Apple & Pros

July 01, 2011

So, FCP X happened.

That is: Apple released a product called Final Cut Pro X, which they market as a major upgrade to version 7. But both technologically and spiritually, it’s more of a new product than an evolution, and unfortunately, that’s not universally regarded as a good thing. Accusations are made, refunds are demanded (and, in some cases, granted — despite a sales-are-final policy), petitions are signed (crickets), and everyone is suddenly an expert on video editing; particularly as it pertains to demands of high-end cutters.

The new version lacks a ton of features from distant-cousin predecessor; as I understand it, in some cases (like multicam editing), the latter was even good at it compared to the competition. To a point, it’s history repeating itself. Over and over. The closest parallel in Apple’s own line-up is iMovie; version ‘08 sported a radically different look-and-feel compared to version HD, and many were none too pleased about what was nowhere to be found any more. (A timeline, for example. A video editing program without a timeline seemed downright blasphemous.)

Or, looking further, there’s products like the iPod nano: it replaced the hugely successful iPod mini, came with 50% less capacity and no more accessory port, and was far less sturdy. (Plus, no more colors.) The iMac came without serial ports or ADB, and didn’t even have, gasp, a floppy drive. Mac OS X, as it initially shipped, had no CD burning or DVD reading (this was in March 2001), was unbearably slow and unstable, and broke with many of Mac OS Classic’s conventions. (And while I personally didn’t mind, a friend of mine wouldn’t stop whining about the excessive pinstripes.)

Adobe InDesign 1.0, too, was not very popular among the existing base of Quark XPress users.

Here’s what these examples have in common:

For its first two or three years, a sizable group of people wanted Mac OS Classic back. (Remember how Kuching discussion there used to be about the oh-so-flawed Dock? Now, look at Windows 7 and Ubuntu’s Unity desktop.) Now, it’s firmly entrenched as an excellent OS all around. The iPod nano eventually got far more capacity, as was inevitable, and colors came back, too. Nobody cares about floppy disks any more, and the iMac’s reliance on USB was, we can safely say 13 years later, prescient. Quark did a great job destroying their huge market lead and handing it to Adobe on a silver platter; they, meanwhile, kept improving InDesign quite a bit. And as for iMovie? Features in versions ‘09 and ‘11 like precision editing make it quite popular. Now, it even runs on an iPhone, making for a unexpectedly powerful, versatile video editing capabilities on a phone.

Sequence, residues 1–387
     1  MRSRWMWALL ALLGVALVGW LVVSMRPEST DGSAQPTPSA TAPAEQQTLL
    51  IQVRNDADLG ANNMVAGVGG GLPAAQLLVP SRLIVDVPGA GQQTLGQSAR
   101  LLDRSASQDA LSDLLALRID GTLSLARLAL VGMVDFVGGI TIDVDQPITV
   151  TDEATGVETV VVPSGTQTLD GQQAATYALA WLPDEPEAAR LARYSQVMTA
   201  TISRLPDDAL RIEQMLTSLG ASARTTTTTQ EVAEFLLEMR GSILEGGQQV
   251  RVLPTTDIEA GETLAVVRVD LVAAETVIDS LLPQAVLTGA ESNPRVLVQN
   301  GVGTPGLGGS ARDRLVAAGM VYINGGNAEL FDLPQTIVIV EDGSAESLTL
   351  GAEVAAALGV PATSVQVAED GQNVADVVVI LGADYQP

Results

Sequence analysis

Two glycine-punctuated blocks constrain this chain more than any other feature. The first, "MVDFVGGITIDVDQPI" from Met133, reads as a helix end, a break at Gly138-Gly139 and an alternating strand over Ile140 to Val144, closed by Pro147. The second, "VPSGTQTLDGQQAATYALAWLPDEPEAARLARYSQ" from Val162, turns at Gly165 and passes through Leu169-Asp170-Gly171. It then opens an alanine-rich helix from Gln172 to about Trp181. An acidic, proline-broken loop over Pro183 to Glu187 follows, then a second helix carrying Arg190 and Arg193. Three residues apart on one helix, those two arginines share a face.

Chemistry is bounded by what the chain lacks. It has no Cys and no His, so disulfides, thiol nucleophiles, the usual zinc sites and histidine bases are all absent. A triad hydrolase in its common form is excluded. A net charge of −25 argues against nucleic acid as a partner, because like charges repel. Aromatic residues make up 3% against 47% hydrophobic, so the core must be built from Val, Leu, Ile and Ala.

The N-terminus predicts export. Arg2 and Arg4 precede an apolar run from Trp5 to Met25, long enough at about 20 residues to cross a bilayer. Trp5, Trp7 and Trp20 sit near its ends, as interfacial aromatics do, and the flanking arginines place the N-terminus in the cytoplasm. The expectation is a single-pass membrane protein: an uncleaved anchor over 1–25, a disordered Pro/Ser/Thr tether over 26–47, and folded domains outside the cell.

So what of FCP? If you only skim the reports, I can’t blame you for the impression that it’s heavily dumbed down and entirely worthless for professionals. Its lead, however, is Randy Ubillos — who also created the first three versions of Adobe Premiere, and the Macromedia project “KeyGrip”, which later became the original Final Cut Pro. In other words, it’s probably not a case of having the wrong guy in charge. It may however be one of priorities. Says Gruber:

I think Apple plans for Final Cut Pro X to grow from where it is today to eventually meet the needs of high-end pros. What this release shows is not that Apple doesn’t care about the pro market at all, but rather that they don’t care enough to prevent Apple from releasing a version that pros can’t yet use.

Agreed. I’m torn on the “care” phrasing, but given that Apple has idiotically even stopped offering the old version altogether, I may have to swallow it.


There’s a bigger, more systematic story here, though. Apple doesn’t really want a Pro distinction. People have been calling the new version “prosumer”, also pointing to the fact that it replaces Final Cut Express’s precious price point. And Apple doesn’t want an Enterprise distinction either. Here, people point to the discontinuation of Xserve.

It’s true: consumer products make for more volume. In that sense, bean counters in Cupertino may prefer them. But I think that’s a minor concern. The big one is empowering the user. Rather than convincing, as Microsoft, IBM and HP may have been wont to do, corporations why iPhone deployment makes sense for them, Apple release a product which employees and bosses alike wanted, badly, no matter what the head of IT thinks. It’s not so much “Pros” that Apple doesn’t care about. It’s interaction and compatibility with the existing world of workflows and policies. They’d much rather create the next big thing to wow you than worry about whether it works well with what you already have. That sucks if you rely on the present tense a lot, which chances are you do. But it rocks if you can spare 20% of your time living in the future, slowly yet boldly sarin to move away from the crufty conventions we keep on creating year after year.

The next time someone argues that Apple doesn’t care about the Pros, consider this: they care about creating the next generation of Pros.